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Massachusetts could lose 50,000 jobs in decade

Looming federal budget cuts could cost Massachusetts more than 50,000 jobs over the next decade - mainly in key sectors such as defense, technology, and health care - and “strike at the very heart’’ of the state’s innovation economy, an analysis by researchers at the University of Massachusetts Donahue Institute shows.

Automatic across-the-board cuts are scheduled to start in 2013 unless the deeply divided Congress agrees to a better deal to lower the national debt. The automatic cuts would reduce federal spending by $1.2 trillion over the next 10 years by slashing the defense budget and support for other programs, including Medicare.

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Such reductions could hurt industries that have helped the state recover from the recent recession faster than the rest of the nation, according to the UMass analysis. Roughly half of the jobs the state would lose would be in defense, health care, and professional and technical services.

“A lot of these sectors that have made Massachusetts so strong - and so strong in the recovery - are essentially underwritten by federal aid,’’ said Martin Romitti, director of economic and public policy research at the Donahue Institute. “If we get to the point where these automatic cuts are triggered, it could be bad.’’

The automatic reductions, established by the Budget Control Act of 2011, were originally meant to force Congress to compromise on cutting the nation’s mounting debt, but the so-called supercommittee of lawmakers charged with finding the compromises failed to reach an agreement.

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Congress would have to pass legislation by the end of the year to stop the automatic cuts from taking effect in January. But given the acrimonious political climate in Washington, it remains anyone’s guess whether Congress will act. Many say they don’t expect Congress to act until after the November elections, leaving less than two months to make a deal.

Senator John F. Kerry, a Massachusetts Democrat who sat on the supercommittee, said the difficult issue of deficit reduction has been exacerbated by a hyper-partisan political system that is “so broken.’’ Yesterday, he urged lawmakers to get serious about responsibly addressing the budget.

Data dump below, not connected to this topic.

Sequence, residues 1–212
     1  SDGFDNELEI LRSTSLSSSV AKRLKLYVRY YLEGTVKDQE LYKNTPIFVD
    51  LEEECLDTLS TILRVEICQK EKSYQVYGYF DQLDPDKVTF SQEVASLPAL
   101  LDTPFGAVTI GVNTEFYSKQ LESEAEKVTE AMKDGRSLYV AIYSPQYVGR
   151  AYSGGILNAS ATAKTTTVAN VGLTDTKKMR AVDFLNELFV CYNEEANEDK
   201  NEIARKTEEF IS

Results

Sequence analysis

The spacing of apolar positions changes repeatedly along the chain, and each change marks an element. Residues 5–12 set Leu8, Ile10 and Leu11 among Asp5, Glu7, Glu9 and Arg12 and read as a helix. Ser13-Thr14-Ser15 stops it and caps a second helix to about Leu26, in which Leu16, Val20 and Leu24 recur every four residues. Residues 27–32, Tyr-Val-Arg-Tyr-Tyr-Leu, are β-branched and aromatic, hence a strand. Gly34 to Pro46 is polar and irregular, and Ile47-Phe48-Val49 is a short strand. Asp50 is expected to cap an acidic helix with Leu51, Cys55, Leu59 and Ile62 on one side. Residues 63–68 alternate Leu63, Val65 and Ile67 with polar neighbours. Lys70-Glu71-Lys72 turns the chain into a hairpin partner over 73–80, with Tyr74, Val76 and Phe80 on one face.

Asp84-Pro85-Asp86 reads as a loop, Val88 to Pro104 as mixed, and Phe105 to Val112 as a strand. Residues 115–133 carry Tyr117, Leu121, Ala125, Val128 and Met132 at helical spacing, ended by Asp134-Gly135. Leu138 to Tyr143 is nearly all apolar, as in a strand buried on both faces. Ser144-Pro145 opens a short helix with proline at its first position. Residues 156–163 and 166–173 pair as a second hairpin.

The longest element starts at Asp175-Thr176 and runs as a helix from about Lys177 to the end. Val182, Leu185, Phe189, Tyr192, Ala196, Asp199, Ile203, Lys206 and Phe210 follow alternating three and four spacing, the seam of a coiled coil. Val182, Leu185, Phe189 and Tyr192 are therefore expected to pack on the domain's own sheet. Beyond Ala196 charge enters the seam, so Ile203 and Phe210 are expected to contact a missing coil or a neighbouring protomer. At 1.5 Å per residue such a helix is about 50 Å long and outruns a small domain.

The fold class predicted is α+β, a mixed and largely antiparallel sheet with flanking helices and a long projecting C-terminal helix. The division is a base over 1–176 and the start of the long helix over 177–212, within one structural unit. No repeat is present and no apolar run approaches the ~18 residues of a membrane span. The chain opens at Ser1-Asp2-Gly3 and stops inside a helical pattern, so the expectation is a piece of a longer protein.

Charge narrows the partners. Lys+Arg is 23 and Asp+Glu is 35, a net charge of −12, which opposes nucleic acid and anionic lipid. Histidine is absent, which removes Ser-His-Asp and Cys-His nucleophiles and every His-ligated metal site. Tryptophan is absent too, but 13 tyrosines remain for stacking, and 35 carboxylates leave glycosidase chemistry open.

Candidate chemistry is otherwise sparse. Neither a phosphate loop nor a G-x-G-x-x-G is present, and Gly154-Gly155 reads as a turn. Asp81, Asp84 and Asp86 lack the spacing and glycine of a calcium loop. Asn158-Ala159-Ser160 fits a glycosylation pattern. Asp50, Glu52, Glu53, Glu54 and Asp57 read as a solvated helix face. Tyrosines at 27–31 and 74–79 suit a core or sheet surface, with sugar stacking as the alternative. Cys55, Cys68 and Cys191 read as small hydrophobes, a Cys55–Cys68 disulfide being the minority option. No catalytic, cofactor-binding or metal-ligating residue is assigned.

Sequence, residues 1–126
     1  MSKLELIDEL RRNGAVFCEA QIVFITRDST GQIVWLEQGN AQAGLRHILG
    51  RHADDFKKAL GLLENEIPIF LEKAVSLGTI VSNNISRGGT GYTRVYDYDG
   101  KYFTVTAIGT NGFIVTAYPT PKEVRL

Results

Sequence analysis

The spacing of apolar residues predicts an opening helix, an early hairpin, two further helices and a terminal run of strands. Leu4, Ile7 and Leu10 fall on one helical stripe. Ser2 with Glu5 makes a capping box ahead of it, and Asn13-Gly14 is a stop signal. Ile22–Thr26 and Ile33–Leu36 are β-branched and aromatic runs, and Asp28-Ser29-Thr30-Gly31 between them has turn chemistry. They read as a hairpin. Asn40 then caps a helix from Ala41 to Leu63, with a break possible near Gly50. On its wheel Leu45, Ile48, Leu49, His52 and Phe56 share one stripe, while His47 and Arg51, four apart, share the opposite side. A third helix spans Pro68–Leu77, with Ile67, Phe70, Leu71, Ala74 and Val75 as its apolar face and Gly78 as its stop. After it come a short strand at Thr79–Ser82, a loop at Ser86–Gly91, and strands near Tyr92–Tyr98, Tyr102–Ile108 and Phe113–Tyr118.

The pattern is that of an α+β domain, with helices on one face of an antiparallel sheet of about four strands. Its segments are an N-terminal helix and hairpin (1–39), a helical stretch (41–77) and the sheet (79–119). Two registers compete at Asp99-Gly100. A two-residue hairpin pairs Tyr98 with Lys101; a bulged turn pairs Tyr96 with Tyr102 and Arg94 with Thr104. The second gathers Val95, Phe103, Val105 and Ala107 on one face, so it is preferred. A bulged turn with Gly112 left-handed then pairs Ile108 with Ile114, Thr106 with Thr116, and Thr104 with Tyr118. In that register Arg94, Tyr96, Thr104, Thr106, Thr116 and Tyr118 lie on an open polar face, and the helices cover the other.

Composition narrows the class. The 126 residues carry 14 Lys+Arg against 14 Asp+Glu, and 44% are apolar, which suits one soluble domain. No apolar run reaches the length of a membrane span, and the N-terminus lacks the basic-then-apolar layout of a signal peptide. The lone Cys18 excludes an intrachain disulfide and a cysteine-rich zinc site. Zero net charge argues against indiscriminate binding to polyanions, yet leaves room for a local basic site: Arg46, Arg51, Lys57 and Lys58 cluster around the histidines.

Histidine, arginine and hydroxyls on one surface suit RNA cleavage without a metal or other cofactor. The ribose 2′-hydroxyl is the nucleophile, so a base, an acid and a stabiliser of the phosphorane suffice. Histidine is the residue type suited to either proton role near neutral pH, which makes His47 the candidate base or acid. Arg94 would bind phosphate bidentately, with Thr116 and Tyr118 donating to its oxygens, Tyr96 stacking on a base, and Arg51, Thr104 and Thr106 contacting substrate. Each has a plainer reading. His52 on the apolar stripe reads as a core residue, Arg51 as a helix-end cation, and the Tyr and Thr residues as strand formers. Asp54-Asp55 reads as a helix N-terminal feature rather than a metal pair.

“These cuts don’t spare the investments in Massachusetts that we know are vital and they do significantly impact our defense industry,’’ Kerry said in a statement. “The only escape hatch is a bipartisan agreement that’s fair and combines cuts with reasonable revenues.’’

US Representative Edward J. Markey, a Malden Democrat, said the potential cuts “would come at precisely the wrong time during our fragile economic recovery.’’

UMass researchers agreed. They said they also worried that that cuts would stall or reverse the progress made by the state’s economy. The nearly 53,000 jobs the state would lose from budget cuts over the next several years exceeds the job gains, about 40,000, made in 2011.

“It was sort of sobering when we came to realize that this wipes out an entire year’s growth in this state,’’ said Robert Nakosteen, a UMass Amherst economics professor. “Our unemployment rate has been consistently lower than national unemployment, and that’s largely due to these sectors that are now in danger because of these cuts.’’

The state’s unemployment rate was 6.8 percent in December, compared with 8.5 percent nationally that month.

The UMass analysis estimates that defense-related industries would lose just over 10,000 jobs over the next decade. Professional and technical services, comprising a variety of technology, technical, and consulting firms, would lose just under 10,000. Health care would lose more than 6,200 jobs.

Thousands more jobs would also be lost in other important industries as a result of the federal budget cuts, according to the analysis. Financial services could lose more than 2,700 jobs; universities and other educational services more than 2,100; and manufacturing nearly 2,000.

Christopher Anderson, president of the Massachusetts High Technology Council, which is leading the effort to protect the region from defense cuts, said the potential spending reductions pose a risk to the state’s economy. He said business and political leaders must be ready to put more emphasis on tech sectors such as cyber security, robotics, and advanced manufacturing - areas that are likely to be spared from defense cuts.

“If we continue to lead in those sectors,’’ he said, “we will support the US defense mission, and we will help our economy.’’

The UMass analysis said the potential budget cuts could undermine future innovations that could propel economic and job growth in the state. Government funding has helped support advances in key sectors such as technology, biotechnology, and medicine.

“A large number of important inventions and innovations in modern times can be traced to federal support of research and development,’’ the UMass report said.

The report further indicates that economic fallout from the automatic cuts could be avoided if political leaders can reach a “grand bargain’’ that balances spending reductions with tax increases.

Paul Guzzi, chief executive of the Greater Boston Chamber of Commerce, said he believes that voter disenchantment with Congress will help break the partisan gridlock in Washington during this election season.

“They can do something if they commit themselves,’’ he said. “There’s no choice but to get past it.’’

D.C. Denison and Robert Weisman of the Globe staff contributed to this report. Erin Ailworth can be reached at eailworth@globe.com. Follow her on Twitter @ailworth.
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